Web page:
On the way to the party, Will accidentally hits a coyote, stops his vehicle on the hill, and immediately puts the animal out of its misery. Coyotes live side by side with many Los Angeles residents, and thanks to such films as Nightcrawlerthey’ve come to symbolize the predatory and ravenous nature behind the city’s bright lights. Kusama, working on a script by Phil Hay and Matt Manfredi envisions a town that feeds upon itself, where cults and fads can be an all too seductive palliative for people looking for a quick fix answer. Though Will may be the only person who is correctly piecing things together, Kusama cooks her thriller to a slow boil, and there’s enough twists and misdirection to keep viewers guessing until the story’s shocking denouement.
Shot for just $1 million, most of The Invitation takes place in Eden’s spacious domicile. Thanks to several flashbacks and using the perfect residence for shooting, the movie’s claustrophobic feel doesn’t exist from any closed off spaces, but rather that mounting dread is palpable thanks to Will’s suspicion and the gradual creepiness behind an all too accommodating David and the subtly menacing Pruitt (John Carroll Lynch).
It’s an absolute travesty that Kusama, even with perceived misfires like Aeon Flux and Jennifer’s Body (I actually dug both films), hasn’t had the shot to direct another high profile film for the past 6-7 years. She’s directed her share of top notch television (The Man in the High Castle, Halt and Catch Fire), but big ticket film offers haven’t exactly landed on their doorstep. Blessed with top notch pacing and a precision for tightfisted storytelling, The Invitation is a celebration of a filmmaker at the top of her game, and if the powers that be learn to put two and two together, Kusama may have a few more dinner parties on the horizon.
The Invitation is now playing in select theaters and is available On Demand.
After her run on the Twilight films and Snow White and the Huntsman, Kristen Stewart has focused her work on more independent driven material, as evidenced with Still Alice and Clouds of Sils Maria.
The actress also worked with first-time writer/director Peter Sattler in Camp X-Ray (Rated R, 115 minutes), a feature which also stars A Separation actor Payman Maadi.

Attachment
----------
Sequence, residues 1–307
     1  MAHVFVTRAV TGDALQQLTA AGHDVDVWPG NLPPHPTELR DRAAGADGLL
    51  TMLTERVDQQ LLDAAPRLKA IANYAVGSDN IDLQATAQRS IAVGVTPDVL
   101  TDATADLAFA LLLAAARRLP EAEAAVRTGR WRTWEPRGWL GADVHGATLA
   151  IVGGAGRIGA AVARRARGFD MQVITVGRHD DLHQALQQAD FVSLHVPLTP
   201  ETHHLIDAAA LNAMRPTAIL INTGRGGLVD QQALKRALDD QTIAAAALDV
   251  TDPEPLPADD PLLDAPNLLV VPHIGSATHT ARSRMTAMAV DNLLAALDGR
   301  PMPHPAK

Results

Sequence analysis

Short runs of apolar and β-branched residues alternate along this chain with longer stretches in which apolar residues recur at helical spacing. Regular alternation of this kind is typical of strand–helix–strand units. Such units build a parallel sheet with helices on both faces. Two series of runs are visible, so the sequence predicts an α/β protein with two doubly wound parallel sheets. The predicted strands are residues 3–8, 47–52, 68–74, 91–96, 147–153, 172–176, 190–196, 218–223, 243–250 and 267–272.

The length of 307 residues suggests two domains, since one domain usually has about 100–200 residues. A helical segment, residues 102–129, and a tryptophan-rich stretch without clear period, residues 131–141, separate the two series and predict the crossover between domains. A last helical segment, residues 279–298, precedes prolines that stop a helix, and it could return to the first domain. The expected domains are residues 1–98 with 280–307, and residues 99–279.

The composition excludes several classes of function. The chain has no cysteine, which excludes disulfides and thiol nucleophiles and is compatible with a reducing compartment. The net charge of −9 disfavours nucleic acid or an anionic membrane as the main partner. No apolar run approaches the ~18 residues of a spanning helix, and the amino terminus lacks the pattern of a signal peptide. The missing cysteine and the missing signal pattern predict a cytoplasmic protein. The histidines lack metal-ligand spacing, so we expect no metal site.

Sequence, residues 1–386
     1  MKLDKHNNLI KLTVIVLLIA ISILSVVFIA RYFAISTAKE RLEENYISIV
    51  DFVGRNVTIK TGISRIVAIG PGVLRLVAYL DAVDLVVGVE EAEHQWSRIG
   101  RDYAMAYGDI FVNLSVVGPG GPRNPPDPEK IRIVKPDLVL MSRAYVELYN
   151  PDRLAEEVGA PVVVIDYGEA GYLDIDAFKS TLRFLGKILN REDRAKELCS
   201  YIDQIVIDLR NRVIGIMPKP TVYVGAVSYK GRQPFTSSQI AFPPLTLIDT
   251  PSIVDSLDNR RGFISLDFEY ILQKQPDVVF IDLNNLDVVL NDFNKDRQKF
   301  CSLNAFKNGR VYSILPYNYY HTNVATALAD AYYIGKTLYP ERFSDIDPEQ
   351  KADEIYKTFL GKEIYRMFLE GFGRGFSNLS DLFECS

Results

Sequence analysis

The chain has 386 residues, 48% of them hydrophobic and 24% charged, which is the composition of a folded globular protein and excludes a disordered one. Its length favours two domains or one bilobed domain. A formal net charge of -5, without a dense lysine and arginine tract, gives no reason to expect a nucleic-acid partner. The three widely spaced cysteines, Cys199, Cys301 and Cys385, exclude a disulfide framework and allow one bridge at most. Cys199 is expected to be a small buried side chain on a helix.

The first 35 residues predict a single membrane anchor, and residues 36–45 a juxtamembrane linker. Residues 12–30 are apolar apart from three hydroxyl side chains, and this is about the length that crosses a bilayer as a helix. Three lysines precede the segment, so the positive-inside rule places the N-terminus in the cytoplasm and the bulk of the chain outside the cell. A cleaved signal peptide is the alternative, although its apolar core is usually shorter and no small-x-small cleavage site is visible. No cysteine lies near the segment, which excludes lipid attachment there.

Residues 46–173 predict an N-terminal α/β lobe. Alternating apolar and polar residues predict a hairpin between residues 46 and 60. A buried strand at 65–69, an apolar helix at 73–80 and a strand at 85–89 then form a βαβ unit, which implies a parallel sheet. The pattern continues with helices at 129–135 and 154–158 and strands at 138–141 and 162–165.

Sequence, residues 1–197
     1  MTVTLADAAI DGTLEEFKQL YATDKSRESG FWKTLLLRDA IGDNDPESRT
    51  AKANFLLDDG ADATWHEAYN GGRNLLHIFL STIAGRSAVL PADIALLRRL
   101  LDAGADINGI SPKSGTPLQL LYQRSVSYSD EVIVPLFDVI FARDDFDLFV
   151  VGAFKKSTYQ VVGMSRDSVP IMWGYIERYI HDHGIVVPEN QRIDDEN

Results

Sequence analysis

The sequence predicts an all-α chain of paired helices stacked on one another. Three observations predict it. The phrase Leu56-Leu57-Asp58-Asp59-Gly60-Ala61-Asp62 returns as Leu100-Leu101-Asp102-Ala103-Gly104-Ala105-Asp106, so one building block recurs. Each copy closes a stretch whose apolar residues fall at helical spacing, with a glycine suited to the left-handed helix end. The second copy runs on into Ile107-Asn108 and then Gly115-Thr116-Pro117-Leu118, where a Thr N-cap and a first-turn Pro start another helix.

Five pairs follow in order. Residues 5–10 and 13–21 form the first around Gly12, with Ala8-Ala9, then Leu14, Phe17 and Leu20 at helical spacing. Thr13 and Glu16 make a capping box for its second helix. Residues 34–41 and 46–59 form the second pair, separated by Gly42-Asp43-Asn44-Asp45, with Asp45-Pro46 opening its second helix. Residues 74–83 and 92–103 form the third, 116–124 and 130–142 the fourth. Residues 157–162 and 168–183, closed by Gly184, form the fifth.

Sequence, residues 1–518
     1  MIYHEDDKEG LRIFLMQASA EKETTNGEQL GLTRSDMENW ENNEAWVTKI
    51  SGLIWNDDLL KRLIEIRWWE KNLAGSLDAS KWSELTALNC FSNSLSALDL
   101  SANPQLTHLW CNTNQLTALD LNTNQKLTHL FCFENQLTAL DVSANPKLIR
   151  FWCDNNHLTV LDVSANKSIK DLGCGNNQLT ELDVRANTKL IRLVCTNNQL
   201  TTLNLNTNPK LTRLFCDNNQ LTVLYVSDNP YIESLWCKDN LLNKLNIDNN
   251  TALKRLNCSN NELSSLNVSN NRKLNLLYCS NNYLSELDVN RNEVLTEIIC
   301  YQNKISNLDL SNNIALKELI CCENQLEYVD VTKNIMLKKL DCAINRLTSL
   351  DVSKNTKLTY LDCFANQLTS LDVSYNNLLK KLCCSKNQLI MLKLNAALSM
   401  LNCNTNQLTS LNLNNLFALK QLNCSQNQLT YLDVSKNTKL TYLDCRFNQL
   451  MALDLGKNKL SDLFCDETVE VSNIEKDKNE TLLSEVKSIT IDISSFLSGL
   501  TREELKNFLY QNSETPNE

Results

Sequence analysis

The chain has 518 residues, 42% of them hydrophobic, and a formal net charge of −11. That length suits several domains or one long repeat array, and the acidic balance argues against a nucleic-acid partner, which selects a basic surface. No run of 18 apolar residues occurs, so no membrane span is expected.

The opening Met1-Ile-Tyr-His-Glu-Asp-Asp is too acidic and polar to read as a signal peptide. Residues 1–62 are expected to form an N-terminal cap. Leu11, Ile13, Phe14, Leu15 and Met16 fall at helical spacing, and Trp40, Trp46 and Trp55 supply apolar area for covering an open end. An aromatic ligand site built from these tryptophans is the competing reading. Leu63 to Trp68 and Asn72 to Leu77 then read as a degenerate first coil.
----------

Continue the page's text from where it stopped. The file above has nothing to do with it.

Amy Cole (Stewart) is a dedicated and initially gung-ho soldier who serves as a guard at the Guantanamo Navy Base. Though she split her lip in a confrontation with a detainee during her first day on the job, Cole is actually enervated by the experience, as military life suits her to a tee.
Her initial perceptions of Guantanamo, as well as her job, are forever changed after striking up a friendship with Ali (Maadi), a well-read detainee who, after years of living in a cramped cell, simply wants a copy of Harry Potter and the Deathly Hallows (he’s been waiting for the book for two years, a broken promise that was issued by a previous guard).
With an abusive commander named Ransdell (Prison Break’s Lane Garrison) making her days a living hell (John Carroll Lynch also does fine work as Ransdell’s superior), Cole is biding her time until she’s transferred to her next detail. Both Stewart and Maadi turn in memorable performances as strangers who attempt to find common ground even in the most dire of circumstances, while filmmaker Peter Sattler brings a strong visual eye to the proceedings.
Iconic filmmaker Sergei Eisenstein wrote that “the most important thing is to have the vision,” and that certainly applies to Sattler. Doing away with any of the politics or religious issues that could have bogged down an otherwise tight narrative, Sattler opts for a more intimate look at the flourishing of a surprising friendship.
Special Features: The Blu-ray and DVD versions both come with a Featurette (12:30 minutes) which contains interviews with Kirsten Stewart, Lane Garrison, John Carroll Lynch, Peter Sattler, and Payman Maadi. One of the takeaways from the featurette is that Stewart actually is a solid golfer (she and Garrison hit golf balls during production breaks, and the actress definitely knows how to drive a ball).
Camp X-Ray Facts: Fans of the 1980s TV series Newhart and Designing will also be treated to a cameo from actress Julia Duffy, who plays Cole’s mother. Director David Gordon Green (Manglehorn, Joe, Pineapple Express) executive produced the film.
Camp X-Ray is now available on Blu-ray, DVD, and Digital Download from IFC Films via MPI Media Group.